Sunday 01 November 2020
News ID: 83288
Publish Date: 27 September 2020 - 22:23
Are Saudis Looking for Exit From Quagmire?
DUBAI (Dispatches) -- The warring sides in Yemen’s long conflict have agreed to exchange 1,081 prisoners, the United Nations mediator said on Sunday following talks in Switzerland.
The Saudi-backed side and Yemen’s Houthi fighters and their allies in the Yemeni army resolved to swap some 15,000 detainees as part of a peace deal brokered by the UN in Stockholm back in 2018.
The two sides have since undertaken sporadic prisoner exchanges, but the release of over 1,000 prisoners -- if it materializes -- would mark the first large-scale handover since the war erupted in 2014.
"I am personally extremely pleased to be here to announce that you have reached a very important milestone,” UN envoy Martin Griffiths said at the end of the talks at the Swiss village of Glion, overlooking Lake Geneva.
Griffiths hailed the decision to release the prisoners as the largest such operation during Yemen’s conflict.
He also congratulated the two warning sides for renewing their "commitment to the full implementation of the Stockholm agreement”.
Yemen’s Al-Masirah TV channel quoted an official source in capital Sanaa as confirming a deal had been reached and that both parties "express their commitment to implement the agreement”.
"What matters to us is implementing the deal, not only signing it,” senior Houthi commander Muhammad Ali al-Houthi had tweeted on Saturday.
Muhammad al-Hadhrami, the Saudi-backed foreign minister for

 former Yemeni president Abd Rabbuh Mansur Hadi, welcomed the deal as a "humanitarian” breakthrough.
Dr Elisabeth Kendall, a researcher at the University of Oxford’s Pembroke College, said the deal was an "important trust-building measure” amid efforts to end the Yemen conflict, but one that would create more animosity if it faltered.
"This step has to be viewed positively, given how polarized the warring sides now are and how intractable the conflict has become,” she told AFP.
"But there are several reasons to be wary... We have been here several times before. Prisoner swaps are agreed, then they come to nothing and those impacted end up even more frustrated and angry.”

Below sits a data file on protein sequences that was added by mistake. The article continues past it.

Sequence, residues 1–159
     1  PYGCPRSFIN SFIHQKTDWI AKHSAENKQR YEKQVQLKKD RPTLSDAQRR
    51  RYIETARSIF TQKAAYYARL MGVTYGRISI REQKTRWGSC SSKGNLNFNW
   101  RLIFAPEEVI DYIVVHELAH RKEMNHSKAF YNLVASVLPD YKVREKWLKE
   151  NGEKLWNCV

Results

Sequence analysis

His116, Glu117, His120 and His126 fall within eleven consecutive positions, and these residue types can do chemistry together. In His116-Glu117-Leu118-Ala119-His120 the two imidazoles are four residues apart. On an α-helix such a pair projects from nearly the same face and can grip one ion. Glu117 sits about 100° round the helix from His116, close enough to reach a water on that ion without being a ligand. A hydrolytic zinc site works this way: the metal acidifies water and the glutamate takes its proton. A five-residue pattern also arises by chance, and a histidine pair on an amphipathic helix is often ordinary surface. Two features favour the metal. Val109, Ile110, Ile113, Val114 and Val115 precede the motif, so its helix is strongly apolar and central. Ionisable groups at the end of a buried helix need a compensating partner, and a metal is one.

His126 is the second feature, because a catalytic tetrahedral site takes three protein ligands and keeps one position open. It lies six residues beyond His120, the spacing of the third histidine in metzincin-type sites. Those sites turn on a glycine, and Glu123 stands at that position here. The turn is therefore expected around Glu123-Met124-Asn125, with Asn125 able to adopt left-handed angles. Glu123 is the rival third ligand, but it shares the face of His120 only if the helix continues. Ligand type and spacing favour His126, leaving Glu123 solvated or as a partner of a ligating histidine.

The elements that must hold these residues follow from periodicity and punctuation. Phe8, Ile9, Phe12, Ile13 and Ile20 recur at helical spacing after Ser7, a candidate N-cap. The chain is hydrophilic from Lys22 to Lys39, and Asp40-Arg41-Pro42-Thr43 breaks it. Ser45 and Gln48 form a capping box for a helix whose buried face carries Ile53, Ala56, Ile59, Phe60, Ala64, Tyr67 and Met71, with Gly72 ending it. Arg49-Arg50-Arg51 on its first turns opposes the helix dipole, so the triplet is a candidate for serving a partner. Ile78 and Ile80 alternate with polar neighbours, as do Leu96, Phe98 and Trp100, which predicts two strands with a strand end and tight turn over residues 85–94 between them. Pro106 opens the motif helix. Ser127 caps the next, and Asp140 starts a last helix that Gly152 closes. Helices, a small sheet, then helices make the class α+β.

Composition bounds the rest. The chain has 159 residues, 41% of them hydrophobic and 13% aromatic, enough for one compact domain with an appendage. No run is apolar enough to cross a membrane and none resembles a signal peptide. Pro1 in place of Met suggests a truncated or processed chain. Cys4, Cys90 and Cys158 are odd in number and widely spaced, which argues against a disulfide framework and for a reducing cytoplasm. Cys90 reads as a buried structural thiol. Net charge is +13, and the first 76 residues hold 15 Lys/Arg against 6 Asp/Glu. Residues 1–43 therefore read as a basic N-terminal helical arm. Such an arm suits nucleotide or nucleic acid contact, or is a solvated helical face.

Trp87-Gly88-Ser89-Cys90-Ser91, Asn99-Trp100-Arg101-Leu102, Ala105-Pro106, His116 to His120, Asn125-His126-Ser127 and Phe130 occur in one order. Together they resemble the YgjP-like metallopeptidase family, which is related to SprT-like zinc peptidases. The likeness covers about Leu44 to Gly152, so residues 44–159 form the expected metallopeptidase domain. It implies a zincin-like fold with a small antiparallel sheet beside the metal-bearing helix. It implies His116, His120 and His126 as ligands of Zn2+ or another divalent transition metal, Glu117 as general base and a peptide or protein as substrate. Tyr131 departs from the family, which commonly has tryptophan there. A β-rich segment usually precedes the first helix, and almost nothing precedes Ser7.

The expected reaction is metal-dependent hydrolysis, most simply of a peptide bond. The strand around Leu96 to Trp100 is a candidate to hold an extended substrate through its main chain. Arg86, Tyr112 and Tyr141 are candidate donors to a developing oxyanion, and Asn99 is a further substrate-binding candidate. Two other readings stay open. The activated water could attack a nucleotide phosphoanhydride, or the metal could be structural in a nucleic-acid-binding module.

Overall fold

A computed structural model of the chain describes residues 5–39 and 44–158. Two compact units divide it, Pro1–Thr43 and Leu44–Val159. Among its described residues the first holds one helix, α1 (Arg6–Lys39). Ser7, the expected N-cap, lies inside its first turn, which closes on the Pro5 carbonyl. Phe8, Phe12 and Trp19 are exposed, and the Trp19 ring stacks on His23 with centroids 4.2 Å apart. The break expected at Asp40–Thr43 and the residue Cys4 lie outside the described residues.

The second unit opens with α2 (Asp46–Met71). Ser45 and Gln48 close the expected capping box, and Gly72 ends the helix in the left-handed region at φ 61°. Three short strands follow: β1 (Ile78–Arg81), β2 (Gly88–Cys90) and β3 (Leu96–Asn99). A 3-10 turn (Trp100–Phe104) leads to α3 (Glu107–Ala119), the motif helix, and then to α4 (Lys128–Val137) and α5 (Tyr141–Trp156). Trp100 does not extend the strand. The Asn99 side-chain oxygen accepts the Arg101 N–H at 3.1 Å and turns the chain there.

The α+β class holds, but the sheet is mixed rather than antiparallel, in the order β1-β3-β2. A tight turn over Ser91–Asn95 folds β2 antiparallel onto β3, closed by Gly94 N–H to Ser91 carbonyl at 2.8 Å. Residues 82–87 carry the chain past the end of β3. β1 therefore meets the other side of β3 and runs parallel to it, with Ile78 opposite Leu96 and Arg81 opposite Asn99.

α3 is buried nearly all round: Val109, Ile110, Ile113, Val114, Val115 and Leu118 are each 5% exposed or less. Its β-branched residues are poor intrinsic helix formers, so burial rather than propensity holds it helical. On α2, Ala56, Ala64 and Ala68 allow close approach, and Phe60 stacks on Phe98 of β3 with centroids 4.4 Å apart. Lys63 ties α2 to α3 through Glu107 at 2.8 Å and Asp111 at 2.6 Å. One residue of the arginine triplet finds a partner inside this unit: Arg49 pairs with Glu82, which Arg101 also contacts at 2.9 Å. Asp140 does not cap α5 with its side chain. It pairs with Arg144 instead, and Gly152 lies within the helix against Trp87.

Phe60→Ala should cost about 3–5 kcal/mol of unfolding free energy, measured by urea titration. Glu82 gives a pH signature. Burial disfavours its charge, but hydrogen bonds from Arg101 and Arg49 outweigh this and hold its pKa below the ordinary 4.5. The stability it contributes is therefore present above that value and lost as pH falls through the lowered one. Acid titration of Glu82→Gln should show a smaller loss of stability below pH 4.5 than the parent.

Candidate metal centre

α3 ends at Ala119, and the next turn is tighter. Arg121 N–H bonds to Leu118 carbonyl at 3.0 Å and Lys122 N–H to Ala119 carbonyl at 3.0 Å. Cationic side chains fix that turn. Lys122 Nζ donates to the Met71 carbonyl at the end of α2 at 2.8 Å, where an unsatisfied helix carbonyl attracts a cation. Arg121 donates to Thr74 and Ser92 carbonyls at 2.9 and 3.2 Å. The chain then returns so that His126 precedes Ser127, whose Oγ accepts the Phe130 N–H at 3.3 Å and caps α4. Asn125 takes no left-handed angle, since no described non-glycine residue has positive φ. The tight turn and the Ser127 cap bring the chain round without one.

Sources on both sides had told AFP Saturday that a deal had been reached for the prisoner exchange, indicating it was to be implemented within two weeks.
The agreement includes the release of 681 Yemeni fighters and 400 Saudi mercenaries, including Saudis and Sudanese, a member of the Hadi delegation told AFP.
The talks began on September 18, and had been aimed at securing the release of 1,420 prisoners, including Hadi’s brother.
The International Committee of the Red Cross is to oversee the return of detainees to their families. Fabrizio Carboni, head of the ICRC’s Middle East and Near East operations, described the agreement as "a very positive step”.
Tens of thousands of people, mostly civilians, have died in the Yemen conflict, which has sparked what the United Nations calls the world’s worst humanitarian crisis.
Many observers say Saudi Arabia is looking for an exit from the quagmire in Yemen after failing to defeat the Houthis and restore Hadi to power, more than five years into the aggression.
The kingdom is now seeking to stop Yemen’s retaliatory attacks on its own territory.
Despite its vicious air campaign, Saudi Arabia has been unable to dislodge the Houthis from most of Yemen’s population centers, including the capital, Sanaa. Its main international ally, the United Arab Emirates, began scaling back its involvement in the war last year.
According to Western media reports, the Saudis have held secret talks with the Houthis in recent months.
Gone is the hope of returning Hadi to Sanaa, British daily the Economist wrote in April. "Now the kingdom’s goal is to stop Houthi missile strikes on its own territory,” it said.
"Cynics doubt that compassion is truly motivating Saudi Arabia, a majority Sunni nation. For years its bombs have hit hospitals, houses and schools in Yemen—often, it seemed, on purpose. Rather, the war is turning and the Saudis are losing heart,” the paper added.
According to the Economist, the Saudi intervention in Yemen began "as a vanity project for Muhammad bin Salman, the crown prince, who sought to flex his muscles in the face of rivals.
The heir to the Saudi throne, it said, "is now looking at a quagmire that is diverting resources at a time of plummeting oil revenues.”
"Houthi attacks on the kingdom threaten its reputation for stability. Their missiles have struck oil pipelines and targeted the capital, Riyadh.”




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